Three of the bulbs pictured on the left draw 40 watts of electricity. One of them draws only 9 watts. Can you guess which one?
I've been a big fan of compact fluorescent (CF) bulbs for a couple of years now, but I was shocked to hear recently that only 6% of households in the US are using them. CF bulbs don't work for every application, but as I just discovered, even "aesthetic" bulbs can be replaced with CFs. And certainly most of your everyday bulbs can. A 100 W incandescent bulb, for example, can be replaced with a 23 W CF that produces the same amount of light. To my eye, at least, they appear completely identical. Not like those ugly whitish fluorescent things they tried to sell us 20 years ago, which for obvious reasons never caught on.
The economics on this are rather startling. If you replace 10 incandescent bulbs of 100 W each with comparable CF bulbs, that saves you 770 W for every hour they're on. If they're on for an average of 4 hours a day, that's just over 3 kilowatt-hours (kWh) saved per day. At about $0.10 per kWh of electricity, that'll save you around 30 cents a day. It may not sound like much, but over a year those savings add up to over $112. Just for changing light bulbs.
The CF bulbs are certainly more expensive. If you buy them individually, they cost about $5 each, though you can get them cheaper in bulk. But they're also guaranteed to last for 5 years, unlike incandescents which last only a matter of months, so it equals out in the end. (One hint though: save your receipts and UPC; you may buy a whole package that ends up going sour, which happened to me once.) But you don't have to wait for the bulbs to live out their full life-span in order to get your money back. Switching 10 bulbs will cost you at most $50, and assuming you use them regularly, you will have doubled your money in less than a year.
Another way to think about this is to assume that you're making an investment. $50 invested today will, within 5 years, return $560 in energy savings. Subtracting your original investment and assuming the interest is compounded annually, that's about a 60% annual return on your money over the life of the bulbs. I challenge anyone to find me an investment that guarantees a better than 60% return. I mean seriously, if you know of one please tell me.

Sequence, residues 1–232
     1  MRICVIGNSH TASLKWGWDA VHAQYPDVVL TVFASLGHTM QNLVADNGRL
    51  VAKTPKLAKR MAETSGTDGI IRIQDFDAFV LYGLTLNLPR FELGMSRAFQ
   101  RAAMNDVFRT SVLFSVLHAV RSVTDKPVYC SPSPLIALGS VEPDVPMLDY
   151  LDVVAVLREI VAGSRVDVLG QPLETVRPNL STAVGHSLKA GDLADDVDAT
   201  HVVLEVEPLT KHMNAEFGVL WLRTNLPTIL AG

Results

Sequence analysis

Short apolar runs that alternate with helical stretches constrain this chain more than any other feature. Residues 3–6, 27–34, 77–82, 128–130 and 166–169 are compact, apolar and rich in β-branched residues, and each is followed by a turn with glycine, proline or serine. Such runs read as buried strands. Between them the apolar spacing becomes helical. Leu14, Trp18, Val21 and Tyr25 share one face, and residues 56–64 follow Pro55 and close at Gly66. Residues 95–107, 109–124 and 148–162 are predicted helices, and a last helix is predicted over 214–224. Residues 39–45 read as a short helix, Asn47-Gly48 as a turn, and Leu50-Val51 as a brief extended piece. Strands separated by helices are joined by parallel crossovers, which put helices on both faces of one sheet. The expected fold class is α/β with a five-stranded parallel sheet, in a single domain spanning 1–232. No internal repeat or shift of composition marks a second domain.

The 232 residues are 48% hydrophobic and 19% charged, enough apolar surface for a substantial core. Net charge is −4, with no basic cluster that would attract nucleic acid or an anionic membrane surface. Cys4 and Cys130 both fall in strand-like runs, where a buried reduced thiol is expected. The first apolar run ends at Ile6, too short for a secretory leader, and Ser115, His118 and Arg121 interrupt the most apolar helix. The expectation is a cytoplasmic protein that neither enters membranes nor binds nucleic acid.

Absent finding that magical guaranteed 60+% return, switching to CF bulbs is about the best investment that anyone can make. To be sure, CF bulbs aren't entirely without their drawbacks. The biggest is that they don't get up to full brightness for about 15 seconds after you turn them on. But that is at most a minor nuisance. Another drawback that most of the CF bulbs produced are ugly and you don't want to use them in situations where you have a naked bulb jutting out from a light fixture. But as in the case above with my bathroom lights, even this is no long an issue in most cases. Barring these trivialities, there is no reason why everyone shouldn't be switching to CF bulbs.
In addition to saving you some serious duckets, switching to CF bulbs is good for the environment. Were everyone to do so, using the above assumptions and given about 100 million households in the US, that would save over 112 million megawatt-hours (MWh) of electricity per year. That's a lot. Unfortunately, the US generates over 4 billion MWh of electricity per year, so we're talking about only a small dent here. But it's a dent nonetheless. And you get paid for it.
Monday, January 08, 2007
Posted by Steve Reuland at 1/08/2007 08:44:00 PM